I apologize in advance if these questions have been asked dozens of times, but I've failed to find threads on difficulty of finding employability of physics/applied math with a minor in eng, and how that affects salary. In addition, I feel that I've seen half the people say you can easily find a job as a physics or math teacher, and half say teacher job prospects aren't too great now either.

    Thanks for reading. Best wishes.
    -The Geometrist
     
    Last edited: Nov 11, 2014
  2. jcsd
  3. Nov 12, 2014 #2

    analogdesign

    User Avatar
    Science Advisor

    A physics major with an engineering minor is technically enough to get a job as an engineer, but there is more competition for jobs than you might expect and it will be MUCH, MUCH easier for you to get an engineering job with an engineering degree. Much easier. This is really the fault of the hiring systems at most companies but it is what it is. Some customs are stupid but you still have to respect them.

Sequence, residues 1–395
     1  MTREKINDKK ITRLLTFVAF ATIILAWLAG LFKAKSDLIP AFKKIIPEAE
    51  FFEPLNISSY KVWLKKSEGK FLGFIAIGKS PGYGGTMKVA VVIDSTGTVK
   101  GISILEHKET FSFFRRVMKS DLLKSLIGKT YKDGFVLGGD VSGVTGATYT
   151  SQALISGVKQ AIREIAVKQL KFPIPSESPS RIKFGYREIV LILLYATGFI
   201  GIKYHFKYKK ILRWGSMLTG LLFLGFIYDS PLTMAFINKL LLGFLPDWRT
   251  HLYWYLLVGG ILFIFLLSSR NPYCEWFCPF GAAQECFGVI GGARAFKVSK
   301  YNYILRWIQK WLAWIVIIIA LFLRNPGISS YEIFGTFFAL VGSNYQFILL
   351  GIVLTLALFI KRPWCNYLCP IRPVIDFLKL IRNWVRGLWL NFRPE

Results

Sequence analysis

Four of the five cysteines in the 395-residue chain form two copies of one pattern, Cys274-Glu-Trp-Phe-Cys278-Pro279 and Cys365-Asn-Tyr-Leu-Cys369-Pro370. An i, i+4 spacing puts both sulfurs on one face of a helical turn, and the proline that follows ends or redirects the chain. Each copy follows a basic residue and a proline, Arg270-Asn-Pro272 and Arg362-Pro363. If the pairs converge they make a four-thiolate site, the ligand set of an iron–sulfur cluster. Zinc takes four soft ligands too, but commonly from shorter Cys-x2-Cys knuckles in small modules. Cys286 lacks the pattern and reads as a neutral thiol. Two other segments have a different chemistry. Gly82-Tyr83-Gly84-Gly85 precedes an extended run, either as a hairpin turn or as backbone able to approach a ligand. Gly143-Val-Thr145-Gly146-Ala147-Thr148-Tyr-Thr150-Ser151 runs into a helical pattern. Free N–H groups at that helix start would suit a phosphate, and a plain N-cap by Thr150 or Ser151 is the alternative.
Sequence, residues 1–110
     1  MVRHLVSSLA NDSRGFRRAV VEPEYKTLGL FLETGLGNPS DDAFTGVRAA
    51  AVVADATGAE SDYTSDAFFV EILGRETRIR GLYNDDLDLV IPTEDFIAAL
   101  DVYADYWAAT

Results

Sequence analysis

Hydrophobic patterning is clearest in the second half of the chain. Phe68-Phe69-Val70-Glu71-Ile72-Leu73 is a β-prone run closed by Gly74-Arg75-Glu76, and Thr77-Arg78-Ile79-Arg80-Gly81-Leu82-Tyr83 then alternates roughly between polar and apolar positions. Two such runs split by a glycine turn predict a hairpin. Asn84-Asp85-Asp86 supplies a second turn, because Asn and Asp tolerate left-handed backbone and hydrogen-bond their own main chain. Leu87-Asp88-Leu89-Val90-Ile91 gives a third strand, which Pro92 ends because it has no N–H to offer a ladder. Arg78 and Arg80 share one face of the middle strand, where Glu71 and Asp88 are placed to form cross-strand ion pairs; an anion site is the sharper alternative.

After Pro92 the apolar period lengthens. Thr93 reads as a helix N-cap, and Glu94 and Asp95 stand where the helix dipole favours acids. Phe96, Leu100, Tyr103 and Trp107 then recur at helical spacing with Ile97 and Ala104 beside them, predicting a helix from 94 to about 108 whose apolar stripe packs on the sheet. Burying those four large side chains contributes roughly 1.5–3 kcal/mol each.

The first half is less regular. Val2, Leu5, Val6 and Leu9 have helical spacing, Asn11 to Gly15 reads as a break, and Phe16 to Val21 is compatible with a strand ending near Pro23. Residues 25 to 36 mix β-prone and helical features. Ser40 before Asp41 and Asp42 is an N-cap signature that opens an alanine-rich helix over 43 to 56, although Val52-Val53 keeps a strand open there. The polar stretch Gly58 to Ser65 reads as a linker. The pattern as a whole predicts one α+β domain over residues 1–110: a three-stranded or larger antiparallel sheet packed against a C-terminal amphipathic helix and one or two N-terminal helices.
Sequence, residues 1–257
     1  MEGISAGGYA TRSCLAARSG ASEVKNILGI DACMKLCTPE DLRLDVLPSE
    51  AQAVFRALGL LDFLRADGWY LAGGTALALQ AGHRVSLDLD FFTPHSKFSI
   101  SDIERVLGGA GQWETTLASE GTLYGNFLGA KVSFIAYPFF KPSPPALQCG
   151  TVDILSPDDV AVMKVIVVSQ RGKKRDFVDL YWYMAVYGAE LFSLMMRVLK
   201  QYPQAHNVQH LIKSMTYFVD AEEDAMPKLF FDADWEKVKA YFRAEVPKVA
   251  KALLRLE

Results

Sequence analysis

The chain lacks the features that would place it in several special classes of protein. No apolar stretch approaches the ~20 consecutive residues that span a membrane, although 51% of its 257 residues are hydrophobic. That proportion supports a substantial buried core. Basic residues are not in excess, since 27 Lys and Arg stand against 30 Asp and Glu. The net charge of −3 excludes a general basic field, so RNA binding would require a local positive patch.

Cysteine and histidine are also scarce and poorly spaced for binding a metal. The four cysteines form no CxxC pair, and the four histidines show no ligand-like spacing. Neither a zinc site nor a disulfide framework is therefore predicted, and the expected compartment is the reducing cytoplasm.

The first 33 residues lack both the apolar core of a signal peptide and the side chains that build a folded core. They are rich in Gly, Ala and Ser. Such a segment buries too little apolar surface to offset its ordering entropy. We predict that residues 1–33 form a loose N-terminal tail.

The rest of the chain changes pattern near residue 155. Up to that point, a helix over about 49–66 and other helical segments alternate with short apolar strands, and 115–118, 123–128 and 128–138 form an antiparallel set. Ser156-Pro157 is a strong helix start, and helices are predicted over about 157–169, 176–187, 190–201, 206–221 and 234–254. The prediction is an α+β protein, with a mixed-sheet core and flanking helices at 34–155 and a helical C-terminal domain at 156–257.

You typically have to get a teaching credential to be a teacher (you can get an emergency credential to teach STEM depending on your state). You will have to go back to school within a couple of years if you want to be a career teacher. That said, a LOT of people burn out of teaching. It's a really hard job for a number of reasons.

    I know you're not asking for advice, but if you want to be an electrical engineer for instance, get a degree in EE. I was a physics major until a internship in HEP during the summer after my sophomore year showed me the light and I changed to EE.
     
  4. Nov 12, 2014 #3
    Thanks for the information. I suppose that would be the reason I rarely hear of engineering minors. The thing is that my school used to have an Engineering Math program that was nearly identical to an applied math major and engineering minor here. To my knowledge, those majors were typically employed as engineers without much trouble. It sure is depressing that the education you get isn't as important as your degree title, but hey, that's life I suppose. Would an internship in the field of engineering I minor in help at all?